The Master’s House is a clearinghouse for the departed. Senator Michael “Magazine” Gladstone, Diane White-Shough (Diane Nightingale) and Richard LaPaz (Rio Richelieu) arrive together. They don’t know that they are dead. Although the Master isn’t home, the butler, Hawthorne, gladly receives them. As Hawthorne tries to inform them of their current state, one by one they leave the house. Through episodes in their former lives, they relive the events that caused their deaths.
Rio Richelieu is a drive-in movie projectionist. During the course of his career, he eventually owns the drive-in, which, ultimately over the years, stresses him to death. Diane Nightingale is a call girl on Philadelphia’s Mainline. She is a young woman whose career is not in itself the cause of her death, but, she dies at the hands of a dangerously obsessed young man. In World War II, Michael Gladstone is a commander of a transport outfit. At wars’ end he settles down to a comfortable life as a senator, whose major accomplishment is the creation of a new road. It is on that road that he meets his end.
The lives of these three characters are connected. Will they find the courage to either utter or write their last words?
Diane drifted around the golden fountain and to the far wall, by her collection of ancient statuettes. She ignored her persistent suitor, giving her attention instead to the pristine Goddess Delorean sent her. "Look, please leave me alone. I think you are a little . . . troubled." "You're right. I am a little troubled. Beautiful women do that to men. But I can't leave without you. " "Don't make me call the police." "The police! They are the last people you want to call. If you called them, they'd come and close you down. Frankly, I don't know how you stayed in business this long. You'd never be able to come back to the Mainline. You'd be through. Diane, one last time, come home with me. That's where you belong." A heavy weight bearing down on her, she regarded the Goddess and was given these words: Go back to your mother. My mother is dead. She's been gone for more than ten years. Normally, such news would have warranted a word of contrition. Diane reached for her Mother Goddess and unwittingly revealed Delorean's note. No longer patient, Adrian snatched the note off the shelf. "Give that back to me," Diane shouted. "That's my personal property. You have no right to look at it." He easily held it up away from her, twisting his body and reading it. "Diane, because of the source of my contacts and the arrangements under which I have procured this goddess. . . . Diane, what you got here? Stolen property? Something like this is worth the equity of your house." Adrian gave the note back to Diane. "He says he's coming back." "That's right. He's a lot more sophisticated than you. You hear? He's not a fundamentalist Neanderthal like you. As a matter of fact, he's only charged half the going rate. Not like you. You're the only John that's charged full rate. That's all you'll ever be—a John. So why don't you clear out? I'd like to freshen up before he gets here." "I want to see this fairy myself. Tell you what, I'll just hide in this room and surprise him." "You'd never surprise him. He's eluded the law like nobody's business. He'd sniff you out as soon as I open the door. Because nobody smells like a lawmaker." "Is that right? You know what? I got some friends in the State Police. Tell you what, let me make a phone call and we will sniff this guy out where he lives. Can I use your phone?" "Okay, say you do have the resources to apprehend him, where does that leave us?" A look of bright victory brightened Adrian's face. "You finally win me over. You whisk me away to Harrisburg. I immediately start a scandal because that's what I do best. I do all the boys in Harrisburg and then I do your father. You hear me, Bubba? I'd leave you in the honeymoon bed and sneak into your father's room. He wouldn't be sleeping either. I'd do him like he's never been done before. He'd wake up the next morning and be hunched over. You'd never know the difference. I'd go up the next night and resurrect the old bird again, roast him, baste him, and turn him over. I wouldn't stop. Nor would he. Then I would work on his political life. I would special-interest him to death. You think Lady Macbeth has anything on me?" Adrian put his head down as if he was going to cry. Diane opened her arms wide. "So take me. Take me away." Faking her by stepping around her in an apparent gesture of defeat, he easily grabbed the Goddess out of Diane's hands. "Let's see what the curator of the University of Pennsylvania Museum has to say about this." "She belongs here with me." Diane kicked him in the shin and tried to wrestle her away. Managing to grab another statuette from the shelf, she struck him in the back. He didn't let go. Diane hit him again, and both were groveling on the floor. Regaining his position, Adrian smashed the Mother Goddess against the side of Diane's head. Blood began trickling down the gash and onto the floor. He replaced the Mother Goddess on the shelf and inspected the prostrate body. "Diane, Diane." She did not stir. He put his ear to her mouth. She was not breathing. Uselessly reviving her, he heard Louise entering the front door. Adrian ran out of the Babylon room, past Louise and jumped into his truck, heading back to Harrisburg.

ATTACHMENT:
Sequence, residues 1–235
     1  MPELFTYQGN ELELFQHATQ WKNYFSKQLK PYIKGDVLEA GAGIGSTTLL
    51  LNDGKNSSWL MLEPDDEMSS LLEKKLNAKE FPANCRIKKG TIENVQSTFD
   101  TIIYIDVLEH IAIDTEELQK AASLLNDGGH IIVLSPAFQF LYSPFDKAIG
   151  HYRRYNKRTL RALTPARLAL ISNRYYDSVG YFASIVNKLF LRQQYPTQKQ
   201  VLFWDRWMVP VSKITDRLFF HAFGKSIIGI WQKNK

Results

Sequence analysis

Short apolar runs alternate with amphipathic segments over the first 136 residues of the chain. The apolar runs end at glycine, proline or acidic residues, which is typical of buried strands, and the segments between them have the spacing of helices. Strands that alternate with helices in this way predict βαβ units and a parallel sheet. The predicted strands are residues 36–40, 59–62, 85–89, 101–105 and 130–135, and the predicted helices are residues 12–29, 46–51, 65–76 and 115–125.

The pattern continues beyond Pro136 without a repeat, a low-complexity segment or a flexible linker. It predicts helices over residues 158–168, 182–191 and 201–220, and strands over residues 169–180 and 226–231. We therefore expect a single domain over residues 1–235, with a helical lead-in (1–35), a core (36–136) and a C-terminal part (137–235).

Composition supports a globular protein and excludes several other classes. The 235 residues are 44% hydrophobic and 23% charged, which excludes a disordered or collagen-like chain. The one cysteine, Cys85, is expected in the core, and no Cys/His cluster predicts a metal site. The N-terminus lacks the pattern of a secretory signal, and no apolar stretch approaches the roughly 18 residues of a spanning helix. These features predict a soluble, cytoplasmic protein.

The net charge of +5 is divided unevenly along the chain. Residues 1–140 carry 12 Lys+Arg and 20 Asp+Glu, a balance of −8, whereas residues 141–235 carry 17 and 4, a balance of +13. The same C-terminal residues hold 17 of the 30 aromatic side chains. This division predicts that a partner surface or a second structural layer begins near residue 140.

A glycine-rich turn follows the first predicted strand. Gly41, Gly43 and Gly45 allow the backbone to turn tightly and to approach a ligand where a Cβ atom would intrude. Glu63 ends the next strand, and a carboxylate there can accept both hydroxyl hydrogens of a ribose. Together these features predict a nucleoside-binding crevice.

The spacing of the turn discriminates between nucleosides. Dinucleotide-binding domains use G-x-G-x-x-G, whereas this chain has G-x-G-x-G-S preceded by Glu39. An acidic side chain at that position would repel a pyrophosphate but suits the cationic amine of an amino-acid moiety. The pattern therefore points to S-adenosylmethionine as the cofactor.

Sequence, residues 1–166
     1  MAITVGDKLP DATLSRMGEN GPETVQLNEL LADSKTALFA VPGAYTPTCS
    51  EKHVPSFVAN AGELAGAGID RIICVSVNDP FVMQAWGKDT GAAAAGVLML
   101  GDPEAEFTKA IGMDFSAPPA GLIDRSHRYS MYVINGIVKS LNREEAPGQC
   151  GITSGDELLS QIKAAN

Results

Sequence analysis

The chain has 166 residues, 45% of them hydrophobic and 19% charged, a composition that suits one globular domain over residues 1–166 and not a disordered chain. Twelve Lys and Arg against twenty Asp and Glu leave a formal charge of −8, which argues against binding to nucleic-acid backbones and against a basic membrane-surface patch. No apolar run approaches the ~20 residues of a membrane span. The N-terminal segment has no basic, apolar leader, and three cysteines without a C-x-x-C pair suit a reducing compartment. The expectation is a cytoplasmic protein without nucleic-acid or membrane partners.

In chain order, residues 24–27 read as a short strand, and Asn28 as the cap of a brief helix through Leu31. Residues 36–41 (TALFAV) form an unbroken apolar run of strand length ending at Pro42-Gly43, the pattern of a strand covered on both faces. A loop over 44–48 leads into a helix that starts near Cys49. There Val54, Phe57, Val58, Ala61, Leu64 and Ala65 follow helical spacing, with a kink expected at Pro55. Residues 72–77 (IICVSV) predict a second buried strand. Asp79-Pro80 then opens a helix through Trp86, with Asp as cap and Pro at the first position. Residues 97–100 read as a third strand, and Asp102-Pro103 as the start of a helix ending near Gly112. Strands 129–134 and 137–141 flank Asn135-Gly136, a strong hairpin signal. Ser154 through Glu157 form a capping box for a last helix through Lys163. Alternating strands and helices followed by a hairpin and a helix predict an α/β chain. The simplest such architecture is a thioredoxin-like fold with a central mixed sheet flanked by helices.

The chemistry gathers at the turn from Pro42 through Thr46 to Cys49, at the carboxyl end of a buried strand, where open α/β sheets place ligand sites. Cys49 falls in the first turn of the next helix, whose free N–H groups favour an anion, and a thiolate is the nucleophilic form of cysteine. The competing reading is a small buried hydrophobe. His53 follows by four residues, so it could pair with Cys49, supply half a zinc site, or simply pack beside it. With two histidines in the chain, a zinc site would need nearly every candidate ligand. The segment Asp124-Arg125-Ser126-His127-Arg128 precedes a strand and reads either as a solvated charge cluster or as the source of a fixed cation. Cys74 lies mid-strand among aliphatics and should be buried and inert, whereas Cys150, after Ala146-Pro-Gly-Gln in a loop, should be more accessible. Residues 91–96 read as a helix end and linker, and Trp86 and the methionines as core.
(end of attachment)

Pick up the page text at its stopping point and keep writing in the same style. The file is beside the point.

Ronald Dunham does not believe in personal continuity after the world of flesh and pleasure. He does believe extremely radical elements can change the world.